SPE Industry Update
Jul. 3, 2013

New barrier plastic packaging materials advancing rapidly
By Don Rosato
It is important for food packaging to provide good protection against factors crucial to product quality to ensure product shelf life. Depending on product sensitivity, it is vital to provide food packaging protection with proper barrier components. Barrier films often consist of multilayers or coated films designed to be impervious to gas and moisture migration, as single-layer films are in general quite permeable to most gases. Various approaches can be taken to improve barrier properties in the plastics packaging sector.More

Microprobe investigation of molecularly imprinted polymers
SPE Plastics Research Online
What do a front door, the human immune system, a dog's nose and molecularly imprinted polymers have in common? They all use a lock-and-key system to identify and select specific agents from numerous possibilities. Much like an antibody that binds only to a complementary antigen, MIPs act as artificial locks for specific molecules.More

US demand for high temperature plastics forecast to reach $3.1 billion in 2017
The A to Z of Materials
U.S. demand for high temperature plastics is forecast to expand 5.8 percent annually to $3.1 billion in 2017 with volume exceeding 300 million pounds. Advances will be propelled by the ongoing adoption of high temperature plastics in place of more conventional materials — such as metal, glass and other polymers — due to their exceptional performance properties. Gains will be further supported by an improving economic outlook and rising consumer confidence, which will boost durable goods output.More

Manufacturing expanded in June after shrinking in May
Los Angeles Times
Growth returned to U.S. manufacturing sector in June after a one-month contraction, the Institute for Supply Management said. The group's manufacturing index rose to 50.9 from 49 in May, which was a four-year low.More

Safety, convenience and quality drive barrier packaging trends
By Don Rosato
With an increasingly global food retailing customer base, food packaging must meet longer shelf-life requirements and adherence to international food safety/quality standards.More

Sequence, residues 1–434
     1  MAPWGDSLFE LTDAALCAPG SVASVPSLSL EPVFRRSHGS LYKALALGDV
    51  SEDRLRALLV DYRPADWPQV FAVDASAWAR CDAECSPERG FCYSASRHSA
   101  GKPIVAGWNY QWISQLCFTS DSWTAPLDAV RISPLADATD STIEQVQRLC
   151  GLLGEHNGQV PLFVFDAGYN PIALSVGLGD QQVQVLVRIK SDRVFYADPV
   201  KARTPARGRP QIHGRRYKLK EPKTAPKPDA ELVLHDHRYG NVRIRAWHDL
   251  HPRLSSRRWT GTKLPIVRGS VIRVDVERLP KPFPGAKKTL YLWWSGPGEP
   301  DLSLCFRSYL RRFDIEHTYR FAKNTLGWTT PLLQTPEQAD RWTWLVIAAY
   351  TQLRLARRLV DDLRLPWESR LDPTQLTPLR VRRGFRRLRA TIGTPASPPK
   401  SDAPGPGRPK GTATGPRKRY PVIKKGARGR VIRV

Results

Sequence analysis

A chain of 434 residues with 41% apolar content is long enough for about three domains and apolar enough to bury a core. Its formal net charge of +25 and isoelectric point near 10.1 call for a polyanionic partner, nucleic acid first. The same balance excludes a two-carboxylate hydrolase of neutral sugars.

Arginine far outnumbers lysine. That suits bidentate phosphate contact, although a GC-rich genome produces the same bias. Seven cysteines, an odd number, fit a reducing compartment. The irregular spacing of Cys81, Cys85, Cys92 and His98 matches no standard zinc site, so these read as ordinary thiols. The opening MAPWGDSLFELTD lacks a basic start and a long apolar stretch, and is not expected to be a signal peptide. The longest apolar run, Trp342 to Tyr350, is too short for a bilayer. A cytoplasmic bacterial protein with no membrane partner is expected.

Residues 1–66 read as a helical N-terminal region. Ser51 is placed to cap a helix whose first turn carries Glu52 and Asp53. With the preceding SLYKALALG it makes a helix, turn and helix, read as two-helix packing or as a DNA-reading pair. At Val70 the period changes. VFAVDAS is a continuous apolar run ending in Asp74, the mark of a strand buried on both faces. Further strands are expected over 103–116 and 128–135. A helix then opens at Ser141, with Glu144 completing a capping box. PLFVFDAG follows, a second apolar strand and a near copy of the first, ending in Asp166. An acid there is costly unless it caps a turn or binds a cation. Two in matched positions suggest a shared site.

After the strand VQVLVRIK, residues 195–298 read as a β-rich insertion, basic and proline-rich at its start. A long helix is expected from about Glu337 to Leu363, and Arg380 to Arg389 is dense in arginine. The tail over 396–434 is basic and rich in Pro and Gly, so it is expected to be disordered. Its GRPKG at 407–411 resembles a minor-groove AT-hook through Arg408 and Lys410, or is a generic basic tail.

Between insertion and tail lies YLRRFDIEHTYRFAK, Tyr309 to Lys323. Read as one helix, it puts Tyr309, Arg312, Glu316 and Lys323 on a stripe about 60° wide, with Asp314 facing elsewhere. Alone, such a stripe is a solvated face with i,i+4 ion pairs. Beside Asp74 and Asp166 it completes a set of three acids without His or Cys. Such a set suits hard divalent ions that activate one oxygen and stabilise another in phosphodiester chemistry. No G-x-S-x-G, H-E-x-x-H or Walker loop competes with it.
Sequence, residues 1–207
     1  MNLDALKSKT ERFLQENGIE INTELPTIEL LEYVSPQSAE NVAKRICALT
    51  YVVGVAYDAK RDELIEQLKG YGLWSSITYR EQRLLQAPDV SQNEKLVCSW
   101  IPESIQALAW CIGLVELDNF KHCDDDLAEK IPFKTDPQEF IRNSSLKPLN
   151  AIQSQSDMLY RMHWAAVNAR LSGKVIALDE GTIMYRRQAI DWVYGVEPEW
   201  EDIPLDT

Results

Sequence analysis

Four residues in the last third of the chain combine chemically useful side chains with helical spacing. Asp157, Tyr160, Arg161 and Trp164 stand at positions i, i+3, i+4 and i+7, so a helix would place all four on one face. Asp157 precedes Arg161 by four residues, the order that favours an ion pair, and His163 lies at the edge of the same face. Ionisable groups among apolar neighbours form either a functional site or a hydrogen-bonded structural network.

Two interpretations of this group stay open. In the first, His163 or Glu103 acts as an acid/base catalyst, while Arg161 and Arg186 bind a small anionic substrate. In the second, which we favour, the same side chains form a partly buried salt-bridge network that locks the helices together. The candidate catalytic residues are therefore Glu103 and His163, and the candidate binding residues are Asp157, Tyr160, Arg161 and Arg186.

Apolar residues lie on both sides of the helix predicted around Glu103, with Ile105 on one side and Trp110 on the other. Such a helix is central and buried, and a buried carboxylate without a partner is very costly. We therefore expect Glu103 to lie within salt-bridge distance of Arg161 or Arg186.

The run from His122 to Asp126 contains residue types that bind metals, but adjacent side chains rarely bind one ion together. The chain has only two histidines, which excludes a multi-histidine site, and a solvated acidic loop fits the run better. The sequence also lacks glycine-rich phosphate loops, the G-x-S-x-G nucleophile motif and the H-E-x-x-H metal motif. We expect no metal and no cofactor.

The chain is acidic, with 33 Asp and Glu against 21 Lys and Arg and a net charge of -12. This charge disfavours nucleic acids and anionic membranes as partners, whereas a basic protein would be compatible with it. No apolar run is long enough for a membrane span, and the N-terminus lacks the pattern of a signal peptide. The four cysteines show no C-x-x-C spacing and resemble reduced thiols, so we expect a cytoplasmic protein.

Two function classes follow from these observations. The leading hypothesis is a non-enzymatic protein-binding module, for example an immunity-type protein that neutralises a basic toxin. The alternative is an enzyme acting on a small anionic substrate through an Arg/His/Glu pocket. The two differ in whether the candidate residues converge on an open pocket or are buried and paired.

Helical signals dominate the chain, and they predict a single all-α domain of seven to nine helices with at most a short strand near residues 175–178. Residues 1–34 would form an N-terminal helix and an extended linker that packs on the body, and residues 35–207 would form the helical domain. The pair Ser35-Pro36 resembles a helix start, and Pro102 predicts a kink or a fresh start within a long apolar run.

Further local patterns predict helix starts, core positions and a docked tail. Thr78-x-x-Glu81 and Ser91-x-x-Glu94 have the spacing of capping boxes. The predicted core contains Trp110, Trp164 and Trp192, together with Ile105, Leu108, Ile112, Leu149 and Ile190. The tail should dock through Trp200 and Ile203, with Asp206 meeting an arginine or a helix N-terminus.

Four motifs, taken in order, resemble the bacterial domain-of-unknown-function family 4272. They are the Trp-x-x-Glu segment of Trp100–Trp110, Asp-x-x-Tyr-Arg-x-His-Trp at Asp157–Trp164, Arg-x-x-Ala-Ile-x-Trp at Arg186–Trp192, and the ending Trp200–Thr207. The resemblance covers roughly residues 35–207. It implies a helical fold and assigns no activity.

Oxo-biodegradable plastic debate back on the agenda
Food Production Daily
Plastics companies have been warned that they must adopt oxo-biodegradable technology quickly if they want to retain their export markets.More

This bendable printing filament lets you make clear, flexible straps and bands
VideoBriefKai Parthy is a German engineer who creates odd printing filaments for 3-D printers. His previous projects, LayWoo-d3 and Laybrick, are two non-warping plastics that offer wood and brick-like consistencies when extruded. Oddly, LayWoo-d3 actually smells like wood when printed. Now he's created a bendable printing filament called BENDLAY that is 91 percent transparent and remains "bendable" after printing.More

Underwater propulsion supplied with the help of a 3-D printer
Fraunhofer Institute via R&D Magazine
Octopods, which are also known as octopuses or squid, are considered to be the most intelligent invertebrates. In fact, they have been referred to as the "sages of the sea." For researchers at the Fraunhofer Institute for Manufacturing Engineering and Automation IPA, this intelligent propulsion principle served as a role model for the development of an underwater propulsion system.More

The economic impact of 'Made in the USA'
Industry Edge
Whether out of a sense of patriotism, a desire to help the American economy or the belief that U.S.-made products are of higher quality, consumers of everything from clothes to computers increasingly want to see a "Made in the USA" sticker on the items they buy. Last year, General Electric began making some of its water heaters and refrigerators at U.S. factories. Wal-Mart announced plans in April to buy an additional $50 billion of American-made products over the next decade, and Apple said it would begin building some of its computers in the United States this year. This trend presents both an opportunity and a challenge for the hardware industry.More

North Carolina takes on degradable plastic
Waste & Recycling News
Attempting to keep the plastic recycling stream clean, lawmakers in North Carolina have passed a measure to force manufacturers of degradable plastics to have the items clearly marked as such. The measure aims to prevent contamination of recyclable feedstock. The law applies for any plastic container sold in the state after July 1, 2014. The law says containers that are degradable must carry a label that says, "Not Recyclable. Do Not Recycle."More